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I'm looking to synthesize salicylic acid in my school laboratory for an investigatory project. The Kolbe's reaction looks promising:

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Any suggestions on where to get the $\ce{CO2}$ from? Will the reaction of vinegar + $\ce{NaHCO3}$ be okay? Does this reaction need a suitable temperature and/or catalysts? I tried to search for similar experiments but the others usually use reagents and catalysts inaccessible to me.

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    $\begingroup$ Do you have access to solid CO2 (dry ice)? $\endgroup$
    – Waylander
    Jul 4, 2023 at 6:23
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    $\begingroup$ According to Wikipedia, the reaction is performed at CO2 pressure 100 atm. It may not be a suitable scenario for safety reasons. $\endgroup$
    – Poutnik
    Jul 4, 2023 at 7:40
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    $\begingroup$ Reimer-Tiemann followed by oxidation may be more achievable in a school lab en.wikipedia.org/wiki/Reimer%E2%80%93Tiemann_reaction see procedure orgsyn.org/demo.aspx?prep=CV3P0463 $\endgroup$
    – Waylander
    Jul 4, 2023 at 10:27
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    $\begingroup$ @AdityaKumarPanda then look at the R-T procedure which is done with hydroxide and chloroform as IMO you will struggle to get a high enough concentration of CO2 in your reaction mixture. $\endgroup$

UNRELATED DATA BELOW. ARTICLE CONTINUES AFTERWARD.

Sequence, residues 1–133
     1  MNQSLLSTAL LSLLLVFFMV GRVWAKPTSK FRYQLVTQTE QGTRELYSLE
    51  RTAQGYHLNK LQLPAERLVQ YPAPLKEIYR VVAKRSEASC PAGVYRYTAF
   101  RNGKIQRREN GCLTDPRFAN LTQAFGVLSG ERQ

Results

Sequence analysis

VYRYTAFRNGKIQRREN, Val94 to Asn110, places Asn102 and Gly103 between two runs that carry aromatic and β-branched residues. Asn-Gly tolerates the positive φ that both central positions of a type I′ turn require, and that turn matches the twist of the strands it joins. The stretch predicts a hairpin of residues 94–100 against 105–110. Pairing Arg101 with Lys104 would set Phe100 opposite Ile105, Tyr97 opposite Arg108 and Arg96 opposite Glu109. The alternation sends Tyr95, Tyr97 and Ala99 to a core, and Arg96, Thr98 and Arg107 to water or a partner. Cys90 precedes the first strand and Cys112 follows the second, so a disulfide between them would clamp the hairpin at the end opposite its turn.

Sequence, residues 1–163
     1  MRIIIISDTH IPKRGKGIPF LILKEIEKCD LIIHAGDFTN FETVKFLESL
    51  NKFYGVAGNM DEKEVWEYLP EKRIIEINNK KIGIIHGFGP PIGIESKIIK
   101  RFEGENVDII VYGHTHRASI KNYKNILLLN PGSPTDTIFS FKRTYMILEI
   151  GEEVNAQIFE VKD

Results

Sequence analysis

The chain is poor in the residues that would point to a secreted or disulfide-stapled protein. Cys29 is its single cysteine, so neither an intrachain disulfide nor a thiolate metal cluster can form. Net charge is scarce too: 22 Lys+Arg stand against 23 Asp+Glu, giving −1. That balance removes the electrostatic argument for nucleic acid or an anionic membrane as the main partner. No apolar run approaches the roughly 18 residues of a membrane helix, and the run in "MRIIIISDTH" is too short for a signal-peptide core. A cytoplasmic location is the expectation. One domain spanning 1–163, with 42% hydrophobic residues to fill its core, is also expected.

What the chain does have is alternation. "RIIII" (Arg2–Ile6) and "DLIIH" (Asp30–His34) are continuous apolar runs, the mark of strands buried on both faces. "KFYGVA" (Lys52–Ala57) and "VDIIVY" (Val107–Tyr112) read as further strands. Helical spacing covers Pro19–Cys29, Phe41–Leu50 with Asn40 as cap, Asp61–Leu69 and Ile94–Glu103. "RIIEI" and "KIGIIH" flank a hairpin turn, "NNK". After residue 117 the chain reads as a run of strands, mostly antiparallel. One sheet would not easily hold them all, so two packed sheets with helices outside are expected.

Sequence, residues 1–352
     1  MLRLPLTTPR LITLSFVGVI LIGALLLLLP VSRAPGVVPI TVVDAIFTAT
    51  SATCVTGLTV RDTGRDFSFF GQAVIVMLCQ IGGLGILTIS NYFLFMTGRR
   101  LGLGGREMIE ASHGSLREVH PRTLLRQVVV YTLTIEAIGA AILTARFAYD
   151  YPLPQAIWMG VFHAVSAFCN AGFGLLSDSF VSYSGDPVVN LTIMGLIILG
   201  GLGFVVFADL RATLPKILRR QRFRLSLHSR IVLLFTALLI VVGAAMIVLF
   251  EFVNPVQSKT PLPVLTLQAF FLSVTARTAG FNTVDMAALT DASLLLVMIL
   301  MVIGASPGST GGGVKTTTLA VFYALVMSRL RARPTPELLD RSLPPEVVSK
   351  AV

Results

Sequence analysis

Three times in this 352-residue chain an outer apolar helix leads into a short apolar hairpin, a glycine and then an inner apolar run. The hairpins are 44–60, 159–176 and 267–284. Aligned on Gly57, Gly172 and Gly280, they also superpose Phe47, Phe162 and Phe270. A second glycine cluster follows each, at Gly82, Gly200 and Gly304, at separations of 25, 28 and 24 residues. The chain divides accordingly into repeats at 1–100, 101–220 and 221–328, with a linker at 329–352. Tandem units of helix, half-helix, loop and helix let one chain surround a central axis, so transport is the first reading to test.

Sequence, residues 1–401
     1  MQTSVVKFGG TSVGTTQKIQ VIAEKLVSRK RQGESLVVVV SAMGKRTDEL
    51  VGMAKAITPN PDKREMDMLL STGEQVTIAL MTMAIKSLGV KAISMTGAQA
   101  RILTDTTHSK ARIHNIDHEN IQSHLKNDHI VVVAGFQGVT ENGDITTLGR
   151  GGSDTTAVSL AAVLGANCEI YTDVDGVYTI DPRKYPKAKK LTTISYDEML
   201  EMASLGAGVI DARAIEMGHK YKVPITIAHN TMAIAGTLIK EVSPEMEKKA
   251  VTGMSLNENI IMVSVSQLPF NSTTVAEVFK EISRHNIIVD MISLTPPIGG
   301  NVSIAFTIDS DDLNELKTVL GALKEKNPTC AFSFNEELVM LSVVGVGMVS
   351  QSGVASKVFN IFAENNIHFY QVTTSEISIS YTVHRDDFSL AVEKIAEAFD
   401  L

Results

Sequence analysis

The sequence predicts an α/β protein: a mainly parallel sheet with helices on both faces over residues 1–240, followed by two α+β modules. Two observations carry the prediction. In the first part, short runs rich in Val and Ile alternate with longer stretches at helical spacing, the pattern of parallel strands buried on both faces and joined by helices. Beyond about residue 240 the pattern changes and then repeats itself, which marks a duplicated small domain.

– Waylander
    Jul 4, 2023 at 14:34
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    $\begingroup$ @GauravSaiMaddipati see my answer below $\endgroup$
    – Waylander
    Feb 5 at 10:02

2 Answers 2

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Riemer and Tiemann originally reported that using carbon tetrachloride in place of chloroform gives salicylic acid as major product plus p-hydroxybenzoic acid. It is mentioned in this review by Wynberg here and this Indian Journal of Chemistry paper here which has experimental conditions. This seems to have received little attention (which is why I was initially unaware of it), possibly because yields appear low. Other researchers report that the para product predominates (see the Indian Journal of Chem paper). The catalytic effect of copper metal in giving the para isomer was reported here

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Dissolve phenol in a solution of sodium hydroxide (NaOH) and water. Pass carbon dioxide (CO2) gas through the solution while keeping it cool in an ice bath. This forms sodium salicylate. Acidify the solution with dilute sulfuric acid (H2SO4) to precipitate salicylic acid. Filter and wash the resulting salicylic acid crystals. Purify the product by recrystallization if necessary.

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  • $\begingroup$ This will work PROVIDED you have a good source of CO2 - either compressed gas or dry ice. The OP does not. $\endgroup$
    – Waylander
    Feb 5 at 12:01
  • $\begingroup$ Does this work well at normal pressures? $\endgroup$
    – matt_black
    Feb 5 at 12:49

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